How partisan hate leads people to believe falsehoods
Researchers now have a better idea of why people who rely on partisan news outlets are more likely to believe falsehoods about political opponents.
And no, it isn't because these consumers live in media "bubbles" where they aren't exposed to the truth. Instead, it has to do with how partisan media promote hostility against their rivals.
Using data from the 2012 and 2016 presidential elections, researchers from The Ohio State University found that Americans who consumed more partisan media had stronger negative feelings than others toward political opponents.
This dislike was linked to greater belief in misperceptions about those from the "other side."
"Partisan news outlets promote a feeling of animosity toward the other side and that animosity can help explain inaccurate beliefs," said R. Kelly Garrett, lead author of the study and professor of communication at Ohio State.
"As people grow increasingly hostile towards those with whom they disagree, our study found they are more likely to believe false information about them."
The findings suggested that the link between partisan media use, hostility and belief in falsehoods was more pronounced among Republicans than among Democrats. Garrett said this finding was "provocative," but that this data alone isn't enough to prove that association.
But the findings, published online this week in the Journal of Communication, do offer a grim warning.
"If this (partisan) hostility translates into a willingness to believe anything that members of your party tell you, regardless of empirical evidence or claims made by those not belonging to the ingroup, then the U.S. political situation is dire," the study authors wrote.
Two surveys were designed and implemented by Garrett and his colleagues.
During the 2012 presidential election campaign, 652 Americans were interviewed online three times: near the beginning and middle of the campaign and right after the election.
During each wave of the study, the participants were asked about how often they used partisan news outlets to get information about the presidential candidates, Democrat Barack Obama and Republican Mitt Romney. They also rated how favorably they felt about each candidate on a scale of 0 to 10.
They also rated on a scale of 1 (definitely false) to 5 (definitely true) whether they believed four statements about Obama and four statements about Romney that were false but had been reported in partisan media outlets.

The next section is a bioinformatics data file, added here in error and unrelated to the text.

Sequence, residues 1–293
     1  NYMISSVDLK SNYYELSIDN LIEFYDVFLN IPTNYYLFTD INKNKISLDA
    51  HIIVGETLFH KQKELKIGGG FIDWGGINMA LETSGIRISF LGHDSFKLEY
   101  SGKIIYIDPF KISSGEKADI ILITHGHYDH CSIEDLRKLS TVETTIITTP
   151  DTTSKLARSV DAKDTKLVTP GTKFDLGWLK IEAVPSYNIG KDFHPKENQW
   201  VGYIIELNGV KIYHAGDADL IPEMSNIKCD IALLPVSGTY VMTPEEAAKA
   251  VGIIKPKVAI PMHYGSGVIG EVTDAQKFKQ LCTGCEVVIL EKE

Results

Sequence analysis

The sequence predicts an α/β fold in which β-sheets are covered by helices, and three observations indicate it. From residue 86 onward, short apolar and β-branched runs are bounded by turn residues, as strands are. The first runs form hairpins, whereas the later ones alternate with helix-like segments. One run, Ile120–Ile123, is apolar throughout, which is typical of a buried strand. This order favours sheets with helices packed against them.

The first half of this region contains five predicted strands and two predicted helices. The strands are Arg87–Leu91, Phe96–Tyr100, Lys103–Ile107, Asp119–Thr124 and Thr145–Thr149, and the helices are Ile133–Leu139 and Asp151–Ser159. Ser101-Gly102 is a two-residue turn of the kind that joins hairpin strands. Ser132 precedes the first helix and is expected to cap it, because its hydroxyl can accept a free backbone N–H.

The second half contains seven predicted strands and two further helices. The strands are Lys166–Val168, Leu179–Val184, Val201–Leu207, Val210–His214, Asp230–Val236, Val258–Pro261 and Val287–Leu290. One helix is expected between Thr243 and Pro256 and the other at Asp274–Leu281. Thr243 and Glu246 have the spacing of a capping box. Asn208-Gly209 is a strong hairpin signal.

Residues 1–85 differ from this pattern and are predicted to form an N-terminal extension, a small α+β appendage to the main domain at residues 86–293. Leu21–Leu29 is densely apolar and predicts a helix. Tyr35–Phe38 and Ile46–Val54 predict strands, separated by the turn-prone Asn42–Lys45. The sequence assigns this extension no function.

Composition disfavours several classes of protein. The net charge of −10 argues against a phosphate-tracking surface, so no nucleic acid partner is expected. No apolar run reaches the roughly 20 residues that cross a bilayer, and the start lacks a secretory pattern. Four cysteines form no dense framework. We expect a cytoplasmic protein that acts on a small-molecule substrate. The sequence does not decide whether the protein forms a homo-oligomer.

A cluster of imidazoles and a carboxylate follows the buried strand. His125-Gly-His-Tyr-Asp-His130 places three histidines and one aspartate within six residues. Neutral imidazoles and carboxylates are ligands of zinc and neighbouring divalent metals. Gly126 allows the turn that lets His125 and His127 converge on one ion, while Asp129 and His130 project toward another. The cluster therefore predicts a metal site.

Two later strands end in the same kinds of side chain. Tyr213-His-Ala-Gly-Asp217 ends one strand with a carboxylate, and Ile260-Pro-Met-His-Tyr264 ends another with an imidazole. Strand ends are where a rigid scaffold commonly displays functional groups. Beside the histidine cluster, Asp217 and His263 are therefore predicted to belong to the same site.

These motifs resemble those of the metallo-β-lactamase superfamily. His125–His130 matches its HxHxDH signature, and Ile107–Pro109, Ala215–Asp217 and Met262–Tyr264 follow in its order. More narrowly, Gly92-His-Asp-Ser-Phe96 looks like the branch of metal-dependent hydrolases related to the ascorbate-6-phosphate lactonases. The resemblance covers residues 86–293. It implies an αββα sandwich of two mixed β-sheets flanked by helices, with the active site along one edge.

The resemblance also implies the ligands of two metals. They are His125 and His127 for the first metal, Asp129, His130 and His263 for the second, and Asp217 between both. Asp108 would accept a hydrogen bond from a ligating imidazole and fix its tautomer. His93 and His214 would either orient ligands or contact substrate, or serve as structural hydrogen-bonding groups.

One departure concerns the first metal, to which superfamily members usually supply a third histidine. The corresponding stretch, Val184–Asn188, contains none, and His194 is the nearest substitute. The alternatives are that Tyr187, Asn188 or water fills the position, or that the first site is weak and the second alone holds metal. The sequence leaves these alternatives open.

One of the statements about Obama was that he is a socialist and one about Romney was that he believes Mormon Church leaders (Romney is Mormon) should play a defining role in national affairs.
Results showed that the more that any individual Republican in the study consumed conservative media outlets, the more that he or she disliked Obama and the more that he or she believed falsehoods about Obama.
There was no similar finding among Democrats who used liberal media, but Garrett cautions against making too much of that finding.
It is possible, for example, that the differences between Republicans and Democrats could be connected to the falsehoods chosen for this study.
The study of the 2016 election involved 625 respondents who were also interviewed three times during the course of the election season. But in this case, the researchers focused on just one issue in which partisans on both sides had closely matched misperceptions: Russian interference in the election.
Investigations at that time showed evidence of Russian hacking into email accounts of the Democratic Party, but there was no conclusive evidence one way or the other about any coordination with the Trump campaign.
The researchers asked participants if the investigation had confirmed coordination between Russian intelligence and the Trump campaign (a liberal falsehood) or confirmed no coordination (a conservative falsehood). They could also choose that there was no conclusive evidence at the time, which was the true statement.
The results were similar to the first study. Those who consumed more conservative media showed greater dislike than others of Democratic candidate Hillary Clinton and were more likely to believe the misperception that investigators had cleared Trump of coordination.
Again, there was no similar finding among those who consumed more news from liberal media outlets.
"The fact that we found the same difference between liberal media use and conservative media use in 2016 as we did in 2012 is provocative," Garrett said.
"It merits more careful scrutiny. We think these results provide a useful step forward. But it would be a mistake to treat this issue as settled."
Garrett said the study helps fill the void left when research showed that most people aren't viewing only news that supports their side.
"We used to think that if we could just expose people to all the information out there, the truth would emerge. The problem is that we now have a lot of evidence that people don't live in bubbles—they may consume more media from one side, but they aren't avoiding everything else," he said.
"Our results suggest an alternative reason why partisan media viewers believe misperceptions."
The findings also suggest that partisan media can help promote belief in falsehoods about political opponents without even mentioning the misperceptions themselves.
"Encouraging hostility toward political opponents has the same effect," Garrett said.